Become a better remote worker with virtual learning

Become a better remote worker with virtual learning

Rise to the challenges of the Covid lockdown with a positive mindset

There was a time not long ago when many of us tuned out talk about disruption because it didn’t seem relevant to our daily reality. But suddenly millions of us are being compelled to embrace digital transformation if we want to keep our jobs and save our businesses as the coronavirus turns our world upside down.

The truth is, our current situation isn’t looking so bright. Although some businesses are still coping, many are suffering, many lives are at risk and the economy is plummeting. These are dark times for everyone in the world.

But the truth is, we’re humans. Throughout thousands of years of human history, our predecessors managed to evolve and adapt to change. At this time, it is critical for us to achieve our potential and adapt to a big change once again. 

Remote work and social distancing have become the order of the day as the best strategy for slowing the spread of Covid-19. At the same time, it also allows us to take a step back from our usually busy daily lives. The only thing business leaders may worry about when it comes to remote work is the productivity of their staff, as they can no longer supervise them directly.

But every change brings a degree of confusion, uncertainty and even chaos at first. Although humans are great at adapting to change, the initial contact with any kind of uncertainty can cause confusion and fear. 

Here’s where learning comes in. A big part of learning in our daily lives is the need for constant practice. But because we can no longer go out for classes, workshops or social events to learn, we must also learn to dog so remotely.

Many renowned universities and educational institutions have already opened virtual classrooms to continue offering instruction and maintain lecturer and student interactions. My organisation and many others have also launched virtual classroom sessions. Although rolling this out was a huge challenge – and will continue to be – it is needed in the current situation.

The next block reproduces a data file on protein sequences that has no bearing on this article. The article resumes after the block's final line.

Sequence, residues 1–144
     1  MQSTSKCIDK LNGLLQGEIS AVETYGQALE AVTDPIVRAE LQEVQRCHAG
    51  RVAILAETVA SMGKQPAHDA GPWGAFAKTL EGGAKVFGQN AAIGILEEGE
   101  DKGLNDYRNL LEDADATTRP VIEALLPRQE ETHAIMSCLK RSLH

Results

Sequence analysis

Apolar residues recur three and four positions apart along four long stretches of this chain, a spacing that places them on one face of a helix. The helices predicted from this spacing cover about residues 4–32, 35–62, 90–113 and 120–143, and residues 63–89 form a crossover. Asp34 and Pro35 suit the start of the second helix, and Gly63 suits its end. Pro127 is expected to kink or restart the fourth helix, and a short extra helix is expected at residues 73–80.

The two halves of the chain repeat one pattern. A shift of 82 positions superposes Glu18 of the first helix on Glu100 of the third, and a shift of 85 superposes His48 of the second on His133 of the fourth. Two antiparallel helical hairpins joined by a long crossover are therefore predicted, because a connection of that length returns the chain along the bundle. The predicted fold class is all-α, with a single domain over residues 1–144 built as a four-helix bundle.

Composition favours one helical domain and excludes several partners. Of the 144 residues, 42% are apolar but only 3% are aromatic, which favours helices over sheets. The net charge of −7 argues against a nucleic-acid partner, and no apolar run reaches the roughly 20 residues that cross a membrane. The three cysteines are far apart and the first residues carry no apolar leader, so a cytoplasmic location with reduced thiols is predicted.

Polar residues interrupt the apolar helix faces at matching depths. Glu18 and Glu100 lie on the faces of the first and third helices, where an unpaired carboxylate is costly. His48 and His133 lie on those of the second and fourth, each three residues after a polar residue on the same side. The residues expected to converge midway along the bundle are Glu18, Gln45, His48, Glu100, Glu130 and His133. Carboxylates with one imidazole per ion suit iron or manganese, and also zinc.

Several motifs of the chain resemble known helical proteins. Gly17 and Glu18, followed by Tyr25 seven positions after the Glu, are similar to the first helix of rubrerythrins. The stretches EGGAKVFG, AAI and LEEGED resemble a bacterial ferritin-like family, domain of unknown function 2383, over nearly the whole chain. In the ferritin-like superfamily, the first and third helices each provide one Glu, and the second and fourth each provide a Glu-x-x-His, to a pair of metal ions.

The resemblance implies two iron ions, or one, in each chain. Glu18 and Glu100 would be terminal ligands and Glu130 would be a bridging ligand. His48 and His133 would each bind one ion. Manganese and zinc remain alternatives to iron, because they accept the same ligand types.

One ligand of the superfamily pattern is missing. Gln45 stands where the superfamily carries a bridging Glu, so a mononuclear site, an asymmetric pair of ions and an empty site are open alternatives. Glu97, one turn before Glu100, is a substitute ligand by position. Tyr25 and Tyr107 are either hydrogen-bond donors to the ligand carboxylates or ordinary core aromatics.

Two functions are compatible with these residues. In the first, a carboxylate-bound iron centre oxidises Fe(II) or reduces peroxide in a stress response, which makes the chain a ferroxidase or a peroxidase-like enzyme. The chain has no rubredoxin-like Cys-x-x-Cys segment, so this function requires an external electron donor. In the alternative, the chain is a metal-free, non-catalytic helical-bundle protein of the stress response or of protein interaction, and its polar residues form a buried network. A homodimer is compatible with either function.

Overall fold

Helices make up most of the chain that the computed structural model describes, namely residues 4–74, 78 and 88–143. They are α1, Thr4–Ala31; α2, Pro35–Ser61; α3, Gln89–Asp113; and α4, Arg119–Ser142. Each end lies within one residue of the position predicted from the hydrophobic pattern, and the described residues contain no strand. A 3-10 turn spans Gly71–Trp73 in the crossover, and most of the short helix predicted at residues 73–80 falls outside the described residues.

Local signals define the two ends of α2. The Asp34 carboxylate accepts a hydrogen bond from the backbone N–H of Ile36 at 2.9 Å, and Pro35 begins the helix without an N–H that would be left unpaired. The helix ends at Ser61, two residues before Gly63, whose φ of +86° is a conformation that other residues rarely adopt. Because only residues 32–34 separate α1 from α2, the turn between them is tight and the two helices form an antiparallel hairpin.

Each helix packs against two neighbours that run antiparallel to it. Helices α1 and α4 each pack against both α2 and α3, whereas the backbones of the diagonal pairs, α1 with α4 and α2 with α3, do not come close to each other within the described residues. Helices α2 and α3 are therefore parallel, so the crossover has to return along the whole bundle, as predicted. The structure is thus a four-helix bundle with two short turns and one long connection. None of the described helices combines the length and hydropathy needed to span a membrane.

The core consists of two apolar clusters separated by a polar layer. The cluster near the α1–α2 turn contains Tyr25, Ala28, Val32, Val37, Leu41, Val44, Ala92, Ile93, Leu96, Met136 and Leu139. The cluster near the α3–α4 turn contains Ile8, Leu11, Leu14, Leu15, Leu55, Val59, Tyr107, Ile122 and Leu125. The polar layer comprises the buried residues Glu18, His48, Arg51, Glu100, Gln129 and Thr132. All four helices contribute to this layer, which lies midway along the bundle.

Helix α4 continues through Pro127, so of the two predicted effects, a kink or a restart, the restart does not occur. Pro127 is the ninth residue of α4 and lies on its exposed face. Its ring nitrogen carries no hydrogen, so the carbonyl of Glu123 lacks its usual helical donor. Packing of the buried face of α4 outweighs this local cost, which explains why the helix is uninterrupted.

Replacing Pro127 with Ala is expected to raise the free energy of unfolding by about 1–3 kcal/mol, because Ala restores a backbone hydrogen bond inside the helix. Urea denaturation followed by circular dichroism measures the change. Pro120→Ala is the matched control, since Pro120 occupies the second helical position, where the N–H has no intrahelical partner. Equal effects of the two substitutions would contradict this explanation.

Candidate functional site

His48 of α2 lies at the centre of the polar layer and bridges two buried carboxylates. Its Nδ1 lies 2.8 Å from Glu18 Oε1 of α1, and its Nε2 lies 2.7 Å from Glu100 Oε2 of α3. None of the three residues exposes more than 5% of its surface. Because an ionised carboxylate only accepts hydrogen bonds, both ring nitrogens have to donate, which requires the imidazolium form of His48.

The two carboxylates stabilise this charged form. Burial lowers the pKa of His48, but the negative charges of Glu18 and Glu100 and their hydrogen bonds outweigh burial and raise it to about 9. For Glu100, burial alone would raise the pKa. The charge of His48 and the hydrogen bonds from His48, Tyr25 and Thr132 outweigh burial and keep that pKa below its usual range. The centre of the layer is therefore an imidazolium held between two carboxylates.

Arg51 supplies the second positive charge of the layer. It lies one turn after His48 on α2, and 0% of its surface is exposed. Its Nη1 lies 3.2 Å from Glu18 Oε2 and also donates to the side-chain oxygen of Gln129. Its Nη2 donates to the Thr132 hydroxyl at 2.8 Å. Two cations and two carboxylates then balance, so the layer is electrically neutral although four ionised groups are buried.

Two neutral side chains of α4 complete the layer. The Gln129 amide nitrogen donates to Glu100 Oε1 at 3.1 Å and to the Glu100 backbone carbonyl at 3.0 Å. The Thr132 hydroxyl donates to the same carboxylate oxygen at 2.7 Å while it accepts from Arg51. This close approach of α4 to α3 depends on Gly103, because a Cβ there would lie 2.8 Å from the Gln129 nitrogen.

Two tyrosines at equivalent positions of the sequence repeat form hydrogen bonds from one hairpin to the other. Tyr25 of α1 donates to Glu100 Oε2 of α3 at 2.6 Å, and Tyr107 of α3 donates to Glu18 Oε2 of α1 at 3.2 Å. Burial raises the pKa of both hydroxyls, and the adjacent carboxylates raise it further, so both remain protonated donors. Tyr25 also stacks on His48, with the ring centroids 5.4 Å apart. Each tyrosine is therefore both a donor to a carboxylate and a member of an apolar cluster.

The great thing about digital learning and virtual classrooms is that they allows learners to practise being “digital”. Many of us, especially the older generations, are not used to working without physical interaction with our team. But learning in virtual classrooms doesn’t take away interactivity. In fact, it can help us get used to using digital means to get our regular work done.

There are already many great tips online about how to stay productive when working remotely. But what I’m going to share with you is the learning aspect as it shouldn’t be overlooked.

How do we integrate digital learning into current remote work and social distancing settings? Here are some tips to begin learning digitally in order to maintain productivity through remote work.

First, adopt the right mindset for learning. When you begin with the right mindset, positive behaviour follows naturally. On the other hand, uncontrolled negativity, especially now, can fester and add to the problems you face.

A great starting point is the Growth Mindset concept (see video below) developed by Carol Dweck, a professor of psychology at Stanford University and author of the pioneering book Mindset. A growth mindset tells us that through adversity, we can still continue to learn and grow. At times like this, a growth mindset can help us understand and overcome challenges together.

Second, strengthen trust between yourself and your people. Remote work is daunting for both management and the members of their team, each of whom have different concern points. The concerns connect to one thing and that is trust between management and their people.

To build trust, establish guidelines that can help you, the management, and your people to learn and work from home. This way, expectations, results and working times are clarified.

Third, research and identify different platforms that can work for your virtual learning. Each platform has a different style and features, so it is a matter of figuring out which ones answer your learning needs and those of the organisation.

Finally, make virtual learning a habit. We learn better when we’re able to practise it often. When we practise regularly, it becomes a part of our habits and natural behaviour. We not only learn new knowledge, we also develop new skills that can help us to make more of a contribution.

Change on the massive scale we are seeing now does not necessarily mean we have to stop in our tracks. Although there is a lot of uncertainty on the path ahead, we have no choice but to continue moving forward. It is time for us to find new ways to learn and work to keep our lives and businesses moving forward.

Arinya Talerngsri is Chief Capability Officer and Managing Director at SEAC - Southeast Asia’s Lifelong Learning Center. She can be reached by email at or Explore and experience our lifelong learning ecosystem today at

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